The recent implementation of new policies by Nigeria's newly inaugurated administration, aimed at reviving the ailing economy, has raised concerns among the populace. Two significant policies include the removal of fuel subsidies and the unification of foreign exchange rates. While these actions are well-intentioned, they have resulted in an immediate ripple effect across various sectors. One area of particular concern is the potential impact of exchange rate unification on electricity tariffs, with many predicting a substantial increase in tariffs in the coming weeks.
The Link between Forex and Electricity Tariffs:
In the Nigerian Electricity Supply Industry (NESI), customer tariffs are determined by considering costs across the value chain, as well as various economic and industry-specific assumptions. These assumptions encompass factors such as inflation rates, energy losses, gas prices, energy delivery, and importantly, the foreign exchange rate between the Nigerian naira and the United States dollar.
Given that a significant portion of power sector assets and infrastructure in Nigeria is imported and denominated in dollars, the foreign exchange rate plays a crucial role in determining the cost of providing electricity services. Additionally, a considerable number of Nigeria's power plants rely on gas, which is purchased in dollars. To ensure efficient operation, these power plants must fulfil their payment obligations to gas suppliers.
Tariff Reviews and Impact on Stakeholders:
Tariff reviews by the Nigerian Electricity Regulatory Commission (NERC) occur bi-annually, allowing for adjustments to reflect any changes that have occurred in the preceding six months. The aim is to ensure that tariffs are cost-reflective, meaning that customers pay for the actual cost of generating, transmitting, and distributing electricity, while also providing a return on investment for licensees.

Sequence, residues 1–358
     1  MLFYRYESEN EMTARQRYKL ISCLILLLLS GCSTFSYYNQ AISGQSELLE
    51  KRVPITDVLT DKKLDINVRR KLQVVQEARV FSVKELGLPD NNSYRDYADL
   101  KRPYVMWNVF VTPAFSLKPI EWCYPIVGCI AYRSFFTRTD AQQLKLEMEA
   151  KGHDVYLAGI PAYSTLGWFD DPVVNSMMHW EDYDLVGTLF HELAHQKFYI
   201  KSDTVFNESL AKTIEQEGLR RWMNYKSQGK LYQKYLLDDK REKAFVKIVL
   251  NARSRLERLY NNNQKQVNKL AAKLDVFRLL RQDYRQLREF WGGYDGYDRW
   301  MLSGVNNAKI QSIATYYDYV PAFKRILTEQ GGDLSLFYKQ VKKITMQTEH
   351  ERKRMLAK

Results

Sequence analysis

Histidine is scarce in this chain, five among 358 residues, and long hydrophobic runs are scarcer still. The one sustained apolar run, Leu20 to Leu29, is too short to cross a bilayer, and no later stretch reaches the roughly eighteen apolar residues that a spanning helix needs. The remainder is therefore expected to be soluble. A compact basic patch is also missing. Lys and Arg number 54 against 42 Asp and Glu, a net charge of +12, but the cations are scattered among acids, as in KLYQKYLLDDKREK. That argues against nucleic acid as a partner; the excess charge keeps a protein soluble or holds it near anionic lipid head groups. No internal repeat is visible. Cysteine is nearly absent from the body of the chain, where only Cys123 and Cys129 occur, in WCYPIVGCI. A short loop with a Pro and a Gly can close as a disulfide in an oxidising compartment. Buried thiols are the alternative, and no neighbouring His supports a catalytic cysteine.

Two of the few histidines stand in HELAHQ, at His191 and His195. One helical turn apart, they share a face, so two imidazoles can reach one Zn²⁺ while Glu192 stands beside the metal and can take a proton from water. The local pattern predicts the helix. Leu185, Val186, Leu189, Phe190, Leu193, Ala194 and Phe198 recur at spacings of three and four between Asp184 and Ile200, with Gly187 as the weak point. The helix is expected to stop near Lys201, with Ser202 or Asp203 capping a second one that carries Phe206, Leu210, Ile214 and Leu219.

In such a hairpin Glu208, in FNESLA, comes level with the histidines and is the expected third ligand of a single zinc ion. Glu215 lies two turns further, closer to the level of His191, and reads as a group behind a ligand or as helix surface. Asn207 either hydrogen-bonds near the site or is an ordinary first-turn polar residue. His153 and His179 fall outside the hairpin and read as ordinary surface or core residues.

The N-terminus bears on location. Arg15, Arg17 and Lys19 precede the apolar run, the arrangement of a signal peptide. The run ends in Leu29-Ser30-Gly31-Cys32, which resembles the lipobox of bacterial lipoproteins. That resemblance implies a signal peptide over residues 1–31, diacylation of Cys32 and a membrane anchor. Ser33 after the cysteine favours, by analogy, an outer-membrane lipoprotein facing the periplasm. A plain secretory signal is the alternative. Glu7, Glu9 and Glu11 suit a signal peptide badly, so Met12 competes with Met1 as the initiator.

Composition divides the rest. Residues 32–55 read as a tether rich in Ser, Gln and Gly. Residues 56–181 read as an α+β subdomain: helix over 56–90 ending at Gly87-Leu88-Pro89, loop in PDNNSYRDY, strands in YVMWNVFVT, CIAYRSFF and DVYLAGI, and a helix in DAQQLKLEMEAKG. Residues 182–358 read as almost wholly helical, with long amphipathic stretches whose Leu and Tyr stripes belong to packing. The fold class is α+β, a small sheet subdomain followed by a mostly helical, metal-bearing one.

In past tariff reviews, the Forex rate used in calculations varied. For example, the July 2022 Multi-Year Tariff Order (MYTO) Review employed the average Forex rate from January to May, with a one per cent markup added. It remains unclear which methodology will be followed in the upcoming review.
NERC's consideration of the newly unified Forex rate in the tariff review is expected to have a significant impact. As historically non-cost-reflective tariffs have led to revenue losses for licensees, resulting in a decline in service quality, it is likely that NERC will factor in the unified Forex rate, potentially leading to a substantial increase in electricity tariffs.
Implications of the Incoming Tariff Review:
Apart from the Forex rate, another crucial factor with the potential to drive tariff increases is the inflation rate. The MYTO typically applies the average inflation rate from January to May for the rest of the year. Nigeria's inflation rate, as reported by the National Bureau of Statistics, has risen to 22.41 per cent, surpassing the assumed inflation rate of 18.60 per cent in the current MYTO released in December 2022. Consequently, the new electricity prices will reflect this change.
The recent unification of foreign exchange rates in Nigeria, coupled with rising inflation, has created concerns regarding the impending tariff review in the electricity sector. While the exact impact on electricity tariffs remains uncertain, the use of a cost-reflective approach is crucial for the long-term sustainability and viability of the power sector. Stakeholders, including consumers and power companies, should closely monitor the tariff review process and engage with regulatory bodies to ensure transparency and fair outcomes that balance the need for affordable electricity with the financial viability of the sector.